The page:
Strikingly offers a bit more content but is still a quick, easy to use option. Connect it to your LinkedIn profile and much of the work is done for you. It is even responsive so it looks great on mobile too!


If you have some online assets to showcase, like links to courses or anything else that’s already online, you should give Mural a serious look. Mural is an insanely simple way to build portfolios of your best work. What Dribbble is for designers & Github for engineers, Mural aims to be for the rest of us. Just provide a link and mural will try to pull an image and a description from it (you can always customize both as you like)

  • Simple URL sharing with automatic rich embeds
  • Add captions, credit contributors and update with stats
  • Use tags to curate ‘sub-murals’ for different contexts and audiences

Here is a Mural I put together in about 20 minutes.

Grab Your Own Domain

Regardless of what you choose for your online home, it is a TOTAL NO BRAINER to get your own personal domain name. You can find details about the how and whys of this all over the internet. Personally, I found the quickest, easiest and least expensive for me was using Google Domains. For $1/month you can point a domain at anything you like (URL forwarding) and get an email address with that same domain name (email forwarding). This is a great way to get started and leaves you with lots of flexibility as you and your online presence evolves over time.

If you’re keen to look even further for more options beyond these, I’ve assembled a collection of links, resources, and examples to help you out.

So…how about it. Do you have an online home-base? What did you use to create it ? Where is it? Would you share it so I can check it out? What is your biggest challenge? Leave a comment about what has or hasn’t worked for you. Ask a question about something you’d like to know.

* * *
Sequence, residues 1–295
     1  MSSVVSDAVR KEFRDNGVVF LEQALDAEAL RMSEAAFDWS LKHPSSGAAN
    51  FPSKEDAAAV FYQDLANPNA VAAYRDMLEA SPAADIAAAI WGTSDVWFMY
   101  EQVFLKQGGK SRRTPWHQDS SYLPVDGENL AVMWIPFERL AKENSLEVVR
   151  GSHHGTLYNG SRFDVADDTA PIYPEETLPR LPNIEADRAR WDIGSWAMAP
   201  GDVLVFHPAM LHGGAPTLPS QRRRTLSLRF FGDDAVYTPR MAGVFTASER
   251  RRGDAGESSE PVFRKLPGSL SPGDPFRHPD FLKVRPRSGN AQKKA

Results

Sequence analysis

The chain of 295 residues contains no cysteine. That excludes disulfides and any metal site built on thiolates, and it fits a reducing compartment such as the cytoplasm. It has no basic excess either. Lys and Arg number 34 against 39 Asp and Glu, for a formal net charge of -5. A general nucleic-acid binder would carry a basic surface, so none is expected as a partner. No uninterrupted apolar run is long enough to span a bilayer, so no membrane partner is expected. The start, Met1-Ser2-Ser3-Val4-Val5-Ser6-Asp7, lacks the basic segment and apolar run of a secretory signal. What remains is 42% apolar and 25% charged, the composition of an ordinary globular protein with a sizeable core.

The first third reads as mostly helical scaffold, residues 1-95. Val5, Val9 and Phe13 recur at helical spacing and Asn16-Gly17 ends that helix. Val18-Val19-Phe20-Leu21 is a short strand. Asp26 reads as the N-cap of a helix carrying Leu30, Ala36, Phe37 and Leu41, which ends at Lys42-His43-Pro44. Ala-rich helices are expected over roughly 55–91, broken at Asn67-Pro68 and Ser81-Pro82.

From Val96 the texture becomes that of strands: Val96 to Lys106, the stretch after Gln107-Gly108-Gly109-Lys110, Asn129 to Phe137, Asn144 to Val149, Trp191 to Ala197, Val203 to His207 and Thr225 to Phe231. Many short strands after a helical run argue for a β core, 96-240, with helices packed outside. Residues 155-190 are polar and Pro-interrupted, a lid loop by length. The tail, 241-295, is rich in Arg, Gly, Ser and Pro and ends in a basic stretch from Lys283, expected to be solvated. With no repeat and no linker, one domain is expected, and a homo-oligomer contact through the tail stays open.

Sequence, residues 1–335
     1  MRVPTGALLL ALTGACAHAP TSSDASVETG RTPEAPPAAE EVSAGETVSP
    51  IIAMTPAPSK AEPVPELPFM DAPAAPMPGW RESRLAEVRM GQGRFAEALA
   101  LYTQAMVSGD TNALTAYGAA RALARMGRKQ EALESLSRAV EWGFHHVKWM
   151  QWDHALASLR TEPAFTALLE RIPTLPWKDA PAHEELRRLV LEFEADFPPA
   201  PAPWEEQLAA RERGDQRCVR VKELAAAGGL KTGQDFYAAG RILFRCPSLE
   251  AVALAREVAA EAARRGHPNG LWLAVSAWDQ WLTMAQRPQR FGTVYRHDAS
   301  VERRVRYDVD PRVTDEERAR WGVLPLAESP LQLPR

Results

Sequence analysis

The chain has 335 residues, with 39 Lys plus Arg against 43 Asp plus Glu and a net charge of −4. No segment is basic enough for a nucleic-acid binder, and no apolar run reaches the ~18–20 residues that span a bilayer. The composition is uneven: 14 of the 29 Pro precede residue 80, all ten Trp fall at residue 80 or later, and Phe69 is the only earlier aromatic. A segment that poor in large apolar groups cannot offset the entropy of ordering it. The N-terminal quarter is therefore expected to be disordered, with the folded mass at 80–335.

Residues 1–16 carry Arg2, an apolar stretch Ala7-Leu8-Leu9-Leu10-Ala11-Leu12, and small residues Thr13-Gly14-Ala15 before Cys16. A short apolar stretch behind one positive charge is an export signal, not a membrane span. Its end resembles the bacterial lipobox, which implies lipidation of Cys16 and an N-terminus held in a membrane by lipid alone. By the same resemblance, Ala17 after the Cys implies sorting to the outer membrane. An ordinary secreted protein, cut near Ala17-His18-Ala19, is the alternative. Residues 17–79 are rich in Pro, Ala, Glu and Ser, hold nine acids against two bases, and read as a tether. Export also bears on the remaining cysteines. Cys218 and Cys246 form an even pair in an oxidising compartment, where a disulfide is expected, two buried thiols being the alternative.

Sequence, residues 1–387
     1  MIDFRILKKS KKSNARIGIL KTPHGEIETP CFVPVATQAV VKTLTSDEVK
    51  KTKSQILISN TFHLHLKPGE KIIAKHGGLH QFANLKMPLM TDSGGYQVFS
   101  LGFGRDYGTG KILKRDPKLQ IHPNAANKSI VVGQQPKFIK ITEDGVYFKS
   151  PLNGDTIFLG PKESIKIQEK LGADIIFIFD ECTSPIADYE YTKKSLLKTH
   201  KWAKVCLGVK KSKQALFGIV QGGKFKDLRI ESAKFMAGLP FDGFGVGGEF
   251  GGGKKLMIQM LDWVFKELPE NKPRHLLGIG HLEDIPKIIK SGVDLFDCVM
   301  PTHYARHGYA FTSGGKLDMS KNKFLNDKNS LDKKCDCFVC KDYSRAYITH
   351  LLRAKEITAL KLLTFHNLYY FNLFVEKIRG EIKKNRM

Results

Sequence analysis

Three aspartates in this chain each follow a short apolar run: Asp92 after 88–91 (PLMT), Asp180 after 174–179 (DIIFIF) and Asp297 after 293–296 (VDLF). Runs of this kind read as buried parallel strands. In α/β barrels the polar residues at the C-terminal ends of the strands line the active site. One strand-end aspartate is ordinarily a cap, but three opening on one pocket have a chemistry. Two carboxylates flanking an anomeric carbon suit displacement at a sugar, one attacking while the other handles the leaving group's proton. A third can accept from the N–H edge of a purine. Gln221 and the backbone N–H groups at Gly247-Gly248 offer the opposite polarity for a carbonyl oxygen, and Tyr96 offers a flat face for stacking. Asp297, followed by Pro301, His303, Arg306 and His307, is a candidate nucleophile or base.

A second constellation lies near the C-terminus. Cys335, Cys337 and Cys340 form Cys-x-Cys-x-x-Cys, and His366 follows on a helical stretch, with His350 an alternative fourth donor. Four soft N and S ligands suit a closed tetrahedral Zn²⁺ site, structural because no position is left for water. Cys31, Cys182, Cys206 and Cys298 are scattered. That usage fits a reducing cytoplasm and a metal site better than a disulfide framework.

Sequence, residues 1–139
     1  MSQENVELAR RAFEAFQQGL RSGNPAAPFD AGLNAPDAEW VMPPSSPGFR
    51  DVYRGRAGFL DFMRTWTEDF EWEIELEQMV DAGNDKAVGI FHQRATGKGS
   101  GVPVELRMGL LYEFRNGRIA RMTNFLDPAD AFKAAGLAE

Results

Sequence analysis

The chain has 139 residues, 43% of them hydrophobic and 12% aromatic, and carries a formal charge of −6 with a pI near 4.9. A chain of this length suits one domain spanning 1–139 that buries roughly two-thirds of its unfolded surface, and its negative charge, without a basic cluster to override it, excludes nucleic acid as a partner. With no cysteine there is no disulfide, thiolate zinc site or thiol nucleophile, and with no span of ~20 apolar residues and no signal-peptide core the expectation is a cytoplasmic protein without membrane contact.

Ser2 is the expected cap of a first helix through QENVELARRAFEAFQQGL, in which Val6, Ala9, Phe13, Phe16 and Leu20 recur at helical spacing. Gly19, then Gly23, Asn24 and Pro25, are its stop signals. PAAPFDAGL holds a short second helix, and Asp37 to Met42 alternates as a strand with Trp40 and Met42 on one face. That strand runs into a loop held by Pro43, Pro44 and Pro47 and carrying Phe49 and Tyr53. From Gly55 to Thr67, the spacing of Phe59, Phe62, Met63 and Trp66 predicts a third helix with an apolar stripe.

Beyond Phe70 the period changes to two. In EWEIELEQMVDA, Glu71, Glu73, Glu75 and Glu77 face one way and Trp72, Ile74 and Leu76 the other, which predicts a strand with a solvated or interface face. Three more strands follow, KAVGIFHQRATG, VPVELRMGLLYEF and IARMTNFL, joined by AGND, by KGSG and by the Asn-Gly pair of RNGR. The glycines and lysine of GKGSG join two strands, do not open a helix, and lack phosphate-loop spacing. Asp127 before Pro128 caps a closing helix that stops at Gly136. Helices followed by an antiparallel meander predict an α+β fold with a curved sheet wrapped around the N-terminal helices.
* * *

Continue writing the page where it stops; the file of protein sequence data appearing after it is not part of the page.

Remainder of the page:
Published by Mike Taylor

Born with a life-long passion for learning, I have the great fortune to work at the intersection of learning, design, technology & collaboration.

5 thoughts on “Do You Have an Online Home-base?

  1. Great article, as always, Mike. I built my site using Weebly. ( I use it for links to my presentations and articles and details about my work. I’ve got a blog on it but haven’t been terribly consistent writing articles for it. I especially like the ability to quickly build from a template, and make changes on the fly using the app

    I built something in About Me, but don’t use it.

    One of the things I’ve been challenged with for LinkedIn is their ever-changing setup. I feel like I’ve gotten it right, then poof! Next log in they’ve changed something again.


    1. Thanks, Jean! For me, I think the biggest hurdle was getting over the thought that I didn’t have anything worth sharing. The key is you don’t have to be a genius, just be yourself! 😎


  2. This is a great post Mike thanks for sharing your thoughts. As part of the 23 Things open course from the University of Edinburgh, I blogged about my use of and my transition to using my own domain and wordpress for the landing page at (a link to “an interview with my domain” is there as well).

    I think I’ve pretty well maxed out what I will put in Linked In. It’s nice because it always lands on the first Google Search page, but I find with so many of the really templated name sites like and linked in, that if everyone used only those we’d all look the same. I think using tools with a bit more flexibility like WordPress or other simple web-tools can go a long way. Something is better than nothing, but for just a little bit more effort you can make something with WP or other than you’re really happy with as a Learning Professional.